[ Member Engagement ] February 2, 2022
Help your members connect at virtual conferences
We’re coming up on two years of virtual or hybrid conferences. That’s two years where planning has included wondering whether a pandemic spike will require cancelling or moving online at the last minute. That’s a lot to juggle on top of the already complicated process of putting together your annual meeting.
Conferences are one of the top reasons members join societies, and a successful conference is one of the reasons members renew year after year. They come to conferences to engage with the latest research, but also to network. Networking is especially important for your early career members. Can virtual networking compete with the in-person variation, or is it doomed to always be just a little bit awkward and uncomfortable?
Here are some tips to inspire your members to make the most of virtual networking, so they continue to squeeze as much value out of the conference as possible. And, of course, so they keep renewing their membership.
Variety is the spice of life:
Your conference attracts a range of different people with different needs. Some thrive with video networking and informal opportunities to talk and connect with others in their community. But others might find that the digital wall leads to awkwardness: accidental interruptions, challenges in finding the moment to speak up. Those people might prefer chats, or Q&A sessions after presentations so they can integrate networking and learning.
Create a directory of attendees:
At a virtual conference, there are fewer opportunities for serendipity: those moments when you overhear a conversation and join in because you have a similar research interest, or the casual chat at the coffee stand. So in virtual environments, you need to help members connect. A virtual directory that includes research interests, areas of focus, and even things everyone is interested in talking about (mentorship, changes to the industry, diversity, equity, and inclusion, and more) will help create a reason for people to message one another.
We’d be willing to guess that many of your members have a competitive streak, or at the very least are interested in free stuff. If you’re worried that no one wants to network virtually, try sweetening the deal with gift cards for coffee or books, or even awarding the people who make the most connections a discount on next year’s meeting. A little push or encouragement toward virtual networking can help members get over a fear of the unknown and find connections they may otherwise have missed.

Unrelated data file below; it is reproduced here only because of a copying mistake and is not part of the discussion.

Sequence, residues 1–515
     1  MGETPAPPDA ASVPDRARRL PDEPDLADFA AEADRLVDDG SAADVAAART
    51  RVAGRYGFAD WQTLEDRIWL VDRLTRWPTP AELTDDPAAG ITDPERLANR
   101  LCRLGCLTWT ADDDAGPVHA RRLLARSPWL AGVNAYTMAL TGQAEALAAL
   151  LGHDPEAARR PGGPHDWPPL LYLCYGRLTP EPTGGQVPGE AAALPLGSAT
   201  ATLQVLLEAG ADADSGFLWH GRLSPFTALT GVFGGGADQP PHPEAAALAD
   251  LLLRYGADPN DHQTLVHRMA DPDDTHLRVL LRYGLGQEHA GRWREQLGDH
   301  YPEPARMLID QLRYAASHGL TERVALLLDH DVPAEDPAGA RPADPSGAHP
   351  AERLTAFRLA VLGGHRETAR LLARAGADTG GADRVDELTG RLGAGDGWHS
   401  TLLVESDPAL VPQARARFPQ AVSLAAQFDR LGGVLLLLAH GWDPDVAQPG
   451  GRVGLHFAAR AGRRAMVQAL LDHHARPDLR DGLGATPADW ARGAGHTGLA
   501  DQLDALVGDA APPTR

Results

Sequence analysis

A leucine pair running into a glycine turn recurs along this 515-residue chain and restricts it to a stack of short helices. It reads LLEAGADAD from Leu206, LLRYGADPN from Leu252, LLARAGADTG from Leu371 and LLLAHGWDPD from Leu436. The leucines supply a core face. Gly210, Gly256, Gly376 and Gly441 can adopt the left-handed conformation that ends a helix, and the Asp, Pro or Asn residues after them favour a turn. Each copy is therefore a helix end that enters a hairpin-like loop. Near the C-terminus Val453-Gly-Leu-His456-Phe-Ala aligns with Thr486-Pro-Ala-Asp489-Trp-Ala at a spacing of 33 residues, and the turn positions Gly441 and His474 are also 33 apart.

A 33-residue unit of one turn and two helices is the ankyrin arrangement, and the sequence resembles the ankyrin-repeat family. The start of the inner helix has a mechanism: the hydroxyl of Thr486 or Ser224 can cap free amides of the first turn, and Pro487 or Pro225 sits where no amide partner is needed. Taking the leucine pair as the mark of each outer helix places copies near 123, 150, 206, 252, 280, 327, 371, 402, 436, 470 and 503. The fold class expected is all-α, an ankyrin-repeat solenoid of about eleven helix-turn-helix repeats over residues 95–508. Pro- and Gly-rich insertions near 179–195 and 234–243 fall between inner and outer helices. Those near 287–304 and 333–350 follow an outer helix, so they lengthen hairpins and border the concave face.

Give networking some structure:
Many members might feel cautious about virtual networking out of fear of uncomfortable silences. Adding structure to networking can make it more productive and also ensure no one sits silently. Try themes for networking sessions, or assign a moderator who can lead the group through a few discussion topics. You could also explore virtual networking for a mentorship program, or target early career members with networking focusing on meeting the editors of your journal and asking publishing questions. Virtual networking can also last: plan sessions in the weeks and months following a conference to keep your community connected.
Many of us have spent the last two years connecting with people mostly through screens. The prospect of engaging that way at a conference may be exhausting for people who crave in-person connection, and it may be uncomfortable for others who just find digital small talk too awkward. But at the same time, we know how important networking is for your members’ happiness and the success of your conference.
We hope these tips get you started when thinking about how to improve engagement in a digital environment. Check out our eBook, Driving audience engagement for your conference and content, to learn more about how to keep your conferences vital and inspiring for everyone involved.